Glowing amphibians may be far more common than thought, scientists reported Thursday, suggesting that the ability may help them locate each other in low light.
Jennifer Lamb and Matthew Davis from St Cloud State University in Minnesota exposed 32 species of the frogs, salamanders, newts and eels to blue or ultraviolet light, finding that the creatures emitted colorful patterns in a process known as "biofluorescence."
These patterns ranged from blotches and stripes to glowing bones or even all-over fluorescence, in various hues of green, orange, and yellow, the authors said in a new study published in Scientific Reports.
Some even had fluorescent green skin secretions and urine.
Biofluorescence is where organisms emit a glow after first absorbing light energy, and before the current study had only been observed in one salamander and three frog species.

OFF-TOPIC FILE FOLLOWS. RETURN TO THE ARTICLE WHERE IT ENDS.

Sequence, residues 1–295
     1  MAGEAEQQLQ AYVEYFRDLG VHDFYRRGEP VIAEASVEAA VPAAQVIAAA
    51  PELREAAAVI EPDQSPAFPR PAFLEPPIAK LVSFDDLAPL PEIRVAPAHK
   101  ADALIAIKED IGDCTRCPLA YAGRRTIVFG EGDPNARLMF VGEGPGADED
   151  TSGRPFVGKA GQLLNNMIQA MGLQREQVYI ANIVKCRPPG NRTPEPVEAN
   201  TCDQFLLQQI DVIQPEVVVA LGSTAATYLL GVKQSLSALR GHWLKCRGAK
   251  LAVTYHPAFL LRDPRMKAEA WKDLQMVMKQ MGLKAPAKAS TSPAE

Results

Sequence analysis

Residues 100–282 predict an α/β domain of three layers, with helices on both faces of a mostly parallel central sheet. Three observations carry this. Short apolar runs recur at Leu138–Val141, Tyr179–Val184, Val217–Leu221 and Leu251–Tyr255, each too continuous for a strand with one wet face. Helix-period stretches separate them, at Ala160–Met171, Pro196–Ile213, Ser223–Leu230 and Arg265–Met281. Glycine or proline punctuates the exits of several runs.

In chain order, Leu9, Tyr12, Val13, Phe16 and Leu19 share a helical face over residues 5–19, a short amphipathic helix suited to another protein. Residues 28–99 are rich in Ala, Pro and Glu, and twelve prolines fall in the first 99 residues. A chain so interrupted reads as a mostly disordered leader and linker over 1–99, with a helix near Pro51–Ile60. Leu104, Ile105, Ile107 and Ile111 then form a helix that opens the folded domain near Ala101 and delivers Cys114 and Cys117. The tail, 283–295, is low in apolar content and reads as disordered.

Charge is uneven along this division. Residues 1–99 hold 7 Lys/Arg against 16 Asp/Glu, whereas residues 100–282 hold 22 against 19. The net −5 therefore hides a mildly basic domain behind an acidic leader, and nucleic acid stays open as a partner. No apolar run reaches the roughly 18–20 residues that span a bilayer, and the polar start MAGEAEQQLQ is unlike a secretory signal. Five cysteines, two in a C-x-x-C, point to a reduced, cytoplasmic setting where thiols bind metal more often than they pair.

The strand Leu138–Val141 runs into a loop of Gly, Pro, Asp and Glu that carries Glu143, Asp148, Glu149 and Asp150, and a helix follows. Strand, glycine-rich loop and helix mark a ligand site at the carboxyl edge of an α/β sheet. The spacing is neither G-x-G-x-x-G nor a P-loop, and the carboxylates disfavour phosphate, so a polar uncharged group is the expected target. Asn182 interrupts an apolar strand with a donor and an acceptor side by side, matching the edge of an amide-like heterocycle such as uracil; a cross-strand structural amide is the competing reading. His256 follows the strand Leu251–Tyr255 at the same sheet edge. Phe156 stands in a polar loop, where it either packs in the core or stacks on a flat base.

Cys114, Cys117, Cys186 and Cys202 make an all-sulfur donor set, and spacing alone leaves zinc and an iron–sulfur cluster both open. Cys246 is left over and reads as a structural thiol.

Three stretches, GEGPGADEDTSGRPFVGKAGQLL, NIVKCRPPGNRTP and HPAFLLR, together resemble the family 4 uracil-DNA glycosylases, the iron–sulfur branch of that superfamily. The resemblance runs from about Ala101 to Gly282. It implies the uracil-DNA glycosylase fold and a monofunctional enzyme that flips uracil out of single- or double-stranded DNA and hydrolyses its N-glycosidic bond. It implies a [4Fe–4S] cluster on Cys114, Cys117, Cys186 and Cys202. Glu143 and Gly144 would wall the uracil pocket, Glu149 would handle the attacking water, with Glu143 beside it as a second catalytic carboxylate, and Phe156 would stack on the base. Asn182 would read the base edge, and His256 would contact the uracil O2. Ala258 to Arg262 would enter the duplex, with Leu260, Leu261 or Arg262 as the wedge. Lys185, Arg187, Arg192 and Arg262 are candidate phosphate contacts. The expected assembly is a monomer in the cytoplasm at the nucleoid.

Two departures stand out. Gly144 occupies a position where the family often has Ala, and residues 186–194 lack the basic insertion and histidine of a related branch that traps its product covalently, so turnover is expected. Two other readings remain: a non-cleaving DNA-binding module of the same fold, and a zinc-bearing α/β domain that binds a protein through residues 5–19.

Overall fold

It happens through various mechanisms through the presence of fluorescent proteins in skin and bones. Some of the amphibians also have chromatophores, or pigment-containing and light-reflecting cells.
The authors wrote that many amphibians are nocturnal and inhabit dense forests, and so the ability to glow may thus help them find each other, as their eyes contain rod cells that are sensitive to green or blue light.
Biofluorescence might also create more contrast between amphibians and their environment, allowing them to be more easily detected by other amphibians.
In other species, glowing has been found to help creatures camouflage, signal themselves to potential mates, or even help them mimic the appearance of their predators.
Last year, a different set of US researchers the molecules responsible for allowing swell sharks to glow, hypothesizing that it might perform functions other than identification, including fighting microbial infection.
Journal information: Scientific Reports
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